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Zanganeh: Some OPEC Members Dumping Oil

Zanganeh: Some OPEC  Members Dumping OilZanganeh: Some OPEC  Members Dumping Oil

Iran's Oil Minister Bijan Namdar Zanganeh accused its regional neighbors of trying to take away its customers by offering cheaper oil, but said despite not offering much of a price discount itself, Iran had managed to retake 1 million barrels per day.

Iran's crude is similar to that of Iraq and Saudi Arabia, and these producers fight for a share of the same market; being competitive has proved a huge marketing challenge.

Zanganeh made the remark in an interview with S&P Global Platts after OPEC's meeting in the Austrian capital Vienna.

It follows Saudi Arabia's new Oil Minister Khalid al-Falih's comment that there is "no reason to expect that Saudi Arabia is going to go on a flooding campaign", suggesting gentle moves in crude supply so as not to shock the market.

OPEC's largest producer has kept output fairly steady since January at above 10 million bpd and OPEC made no change in output policy.

Iran has looked to reclaim market share since nuclear sanctions were lifted in mid-January, with Zanganeh stating that output is currently 3.82 million bpd. He predicts Iran will have around 5-6% spare production capacity after reaching 4 million bpd by the end of the year.

Zanganeh said India, China, South Korea, Europe (including Turkey) and South Africa were primary markets but that Iran "should look more in Europe and Africa."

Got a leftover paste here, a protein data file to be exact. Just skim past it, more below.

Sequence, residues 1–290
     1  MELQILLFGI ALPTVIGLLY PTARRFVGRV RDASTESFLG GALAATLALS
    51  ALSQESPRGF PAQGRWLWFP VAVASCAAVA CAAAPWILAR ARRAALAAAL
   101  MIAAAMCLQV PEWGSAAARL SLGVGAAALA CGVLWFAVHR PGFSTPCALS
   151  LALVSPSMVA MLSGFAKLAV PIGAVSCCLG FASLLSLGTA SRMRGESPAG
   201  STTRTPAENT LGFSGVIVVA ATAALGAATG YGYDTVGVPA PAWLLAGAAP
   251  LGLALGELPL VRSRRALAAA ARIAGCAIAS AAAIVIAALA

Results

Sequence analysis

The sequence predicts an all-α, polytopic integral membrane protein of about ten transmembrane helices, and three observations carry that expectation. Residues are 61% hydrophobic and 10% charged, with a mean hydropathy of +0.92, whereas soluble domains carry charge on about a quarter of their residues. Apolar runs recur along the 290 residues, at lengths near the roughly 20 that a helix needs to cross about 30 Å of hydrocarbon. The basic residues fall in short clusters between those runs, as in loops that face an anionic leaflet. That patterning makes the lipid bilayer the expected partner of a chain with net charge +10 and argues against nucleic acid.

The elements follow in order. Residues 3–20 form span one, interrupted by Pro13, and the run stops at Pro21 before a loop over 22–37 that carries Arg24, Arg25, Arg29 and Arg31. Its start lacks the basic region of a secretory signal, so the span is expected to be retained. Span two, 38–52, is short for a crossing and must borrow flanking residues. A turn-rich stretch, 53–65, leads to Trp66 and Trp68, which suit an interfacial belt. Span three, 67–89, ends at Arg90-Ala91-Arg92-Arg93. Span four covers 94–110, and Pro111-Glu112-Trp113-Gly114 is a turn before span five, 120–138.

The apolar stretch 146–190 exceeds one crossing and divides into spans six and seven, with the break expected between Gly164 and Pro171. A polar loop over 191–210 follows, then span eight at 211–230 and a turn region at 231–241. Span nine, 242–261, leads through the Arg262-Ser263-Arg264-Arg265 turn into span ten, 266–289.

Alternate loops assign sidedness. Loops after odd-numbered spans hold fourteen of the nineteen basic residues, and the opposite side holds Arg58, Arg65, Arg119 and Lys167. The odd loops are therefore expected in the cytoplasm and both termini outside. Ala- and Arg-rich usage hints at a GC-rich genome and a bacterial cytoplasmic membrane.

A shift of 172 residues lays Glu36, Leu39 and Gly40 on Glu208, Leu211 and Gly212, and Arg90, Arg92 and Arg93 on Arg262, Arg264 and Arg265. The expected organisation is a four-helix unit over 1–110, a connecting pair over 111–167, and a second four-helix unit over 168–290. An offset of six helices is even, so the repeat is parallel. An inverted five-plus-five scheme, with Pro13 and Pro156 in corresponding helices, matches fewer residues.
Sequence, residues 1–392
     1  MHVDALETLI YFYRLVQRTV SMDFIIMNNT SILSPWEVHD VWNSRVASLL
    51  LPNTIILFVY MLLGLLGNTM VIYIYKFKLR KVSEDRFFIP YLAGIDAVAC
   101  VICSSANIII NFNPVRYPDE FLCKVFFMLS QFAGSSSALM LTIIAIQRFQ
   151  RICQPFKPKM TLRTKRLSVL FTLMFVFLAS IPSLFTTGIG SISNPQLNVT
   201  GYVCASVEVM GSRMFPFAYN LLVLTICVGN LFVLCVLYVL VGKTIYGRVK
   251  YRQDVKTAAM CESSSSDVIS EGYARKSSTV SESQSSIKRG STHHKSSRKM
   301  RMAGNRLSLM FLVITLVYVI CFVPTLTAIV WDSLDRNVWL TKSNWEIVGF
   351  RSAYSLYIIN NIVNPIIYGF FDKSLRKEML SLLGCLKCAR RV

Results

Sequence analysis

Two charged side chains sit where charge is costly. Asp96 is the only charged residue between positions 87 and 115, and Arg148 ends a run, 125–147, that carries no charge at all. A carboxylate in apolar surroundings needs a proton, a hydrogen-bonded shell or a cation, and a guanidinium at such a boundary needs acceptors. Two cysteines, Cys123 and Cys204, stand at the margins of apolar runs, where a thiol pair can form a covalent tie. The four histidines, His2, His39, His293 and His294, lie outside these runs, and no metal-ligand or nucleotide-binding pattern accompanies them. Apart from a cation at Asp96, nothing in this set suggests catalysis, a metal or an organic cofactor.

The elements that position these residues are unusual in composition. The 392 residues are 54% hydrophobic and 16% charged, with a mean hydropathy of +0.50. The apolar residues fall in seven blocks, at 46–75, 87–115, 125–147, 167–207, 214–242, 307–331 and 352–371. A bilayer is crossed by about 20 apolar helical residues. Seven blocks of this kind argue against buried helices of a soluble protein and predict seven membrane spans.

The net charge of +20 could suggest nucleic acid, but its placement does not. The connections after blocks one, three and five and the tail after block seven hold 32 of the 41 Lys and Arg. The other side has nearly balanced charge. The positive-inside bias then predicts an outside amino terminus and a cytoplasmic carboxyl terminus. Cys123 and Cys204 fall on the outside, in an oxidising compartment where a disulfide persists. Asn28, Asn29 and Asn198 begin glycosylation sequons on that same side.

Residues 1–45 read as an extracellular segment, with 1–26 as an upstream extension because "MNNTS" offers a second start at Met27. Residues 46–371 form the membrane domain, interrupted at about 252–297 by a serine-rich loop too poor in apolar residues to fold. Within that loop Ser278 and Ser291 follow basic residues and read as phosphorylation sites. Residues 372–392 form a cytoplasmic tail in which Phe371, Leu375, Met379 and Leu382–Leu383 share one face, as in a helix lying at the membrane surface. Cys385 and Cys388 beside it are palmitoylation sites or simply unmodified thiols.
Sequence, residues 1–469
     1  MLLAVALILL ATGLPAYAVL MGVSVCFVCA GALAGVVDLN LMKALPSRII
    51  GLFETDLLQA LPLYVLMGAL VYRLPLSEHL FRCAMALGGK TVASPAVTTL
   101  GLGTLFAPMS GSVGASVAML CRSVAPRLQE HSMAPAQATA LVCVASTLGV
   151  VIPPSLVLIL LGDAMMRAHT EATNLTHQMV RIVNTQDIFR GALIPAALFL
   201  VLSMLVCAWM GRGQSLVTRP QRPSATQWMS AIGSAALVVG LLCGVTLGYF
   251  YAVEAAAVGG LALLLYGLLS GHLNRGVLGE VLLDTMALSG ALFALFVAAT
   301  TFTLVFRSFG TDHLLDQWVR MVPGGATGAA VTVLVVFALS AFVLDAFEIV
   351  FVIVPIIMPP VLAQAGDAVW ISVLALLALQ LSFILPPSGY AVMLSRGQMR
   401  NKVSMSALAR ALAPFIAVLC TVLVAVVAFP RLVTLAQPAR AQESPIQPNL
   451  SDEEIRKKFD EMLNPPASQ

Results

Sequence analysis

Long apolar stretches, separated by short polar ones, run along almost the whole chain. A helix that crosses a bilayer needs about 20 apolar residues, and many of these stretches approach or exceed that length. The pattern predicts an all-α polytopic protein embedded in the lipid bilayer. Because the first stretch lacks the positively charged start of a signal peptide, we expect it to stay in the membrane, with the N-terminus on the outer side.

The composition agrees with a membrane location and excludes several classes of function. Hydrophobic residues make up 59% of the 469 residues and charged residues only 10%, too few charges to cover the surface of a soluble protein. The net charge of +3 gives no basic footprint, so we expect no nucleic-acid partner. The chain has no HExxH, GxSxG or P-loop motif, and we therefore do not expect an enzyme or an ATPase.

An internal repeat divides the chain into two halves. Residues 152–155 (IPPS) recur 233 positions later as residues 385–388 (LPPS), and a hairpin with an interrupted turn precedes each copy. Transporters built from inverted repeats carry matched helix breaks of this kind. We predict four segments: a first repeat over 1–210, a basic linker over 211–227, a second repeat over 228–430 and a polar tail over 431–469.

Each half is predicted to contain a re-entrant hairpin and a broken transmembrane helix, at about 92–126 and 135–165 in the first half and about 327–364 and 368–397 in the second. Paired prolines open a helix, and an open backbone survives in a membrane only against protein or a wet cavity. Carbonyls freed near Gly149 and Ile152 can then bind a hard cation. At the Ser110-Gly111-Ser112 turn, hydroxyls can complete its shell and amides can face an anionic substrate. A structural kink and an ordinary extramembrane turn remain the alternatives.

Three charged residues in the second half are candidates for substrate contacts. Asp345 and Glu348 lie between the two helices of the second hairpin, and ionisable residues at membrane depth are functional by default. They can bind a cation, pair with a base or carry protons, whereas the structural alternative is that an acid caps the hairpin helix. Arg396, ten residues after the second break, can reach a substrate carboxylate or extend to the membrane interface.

This is especially the case for plans to invest in refineries in other countries, with 1.3-1.4 million bpd to be exported as feedstock to overseas refineries, but cautioned that finance could be an issue.

"We have this proposal but the National Iranian Oil Company doesn't have the money to do it. So we proposed that the National Development Fund comes and does the investment, either directly itself or giving loans to non-state sectors and buys [shares] in those refineries in the chosen destinations, under the condition that they take all their feedstock from Iran, or a main part of the feedstock," Zanganeh said.

------- Lucrative Prospect

Zanganeh stressed that it is very lucrative for international energy companies such as Total, Lukoil and Eni to invest in Iran.

"Oil [production cost] in our region is very low. In Iran, it costs a maximum of $10 per barrel," he said, adding that there are contractual risks, but they are unlikely to act as a deterrent, without elaborating.

He did think that US companies were afraid but hoped that this will change, adding that "the way is open for them from our side."

Zanganeh said the whole investment plan will require $70 billion in the coming years and that Iran's Petroleum Contract will be part of that.

Financialtribune.com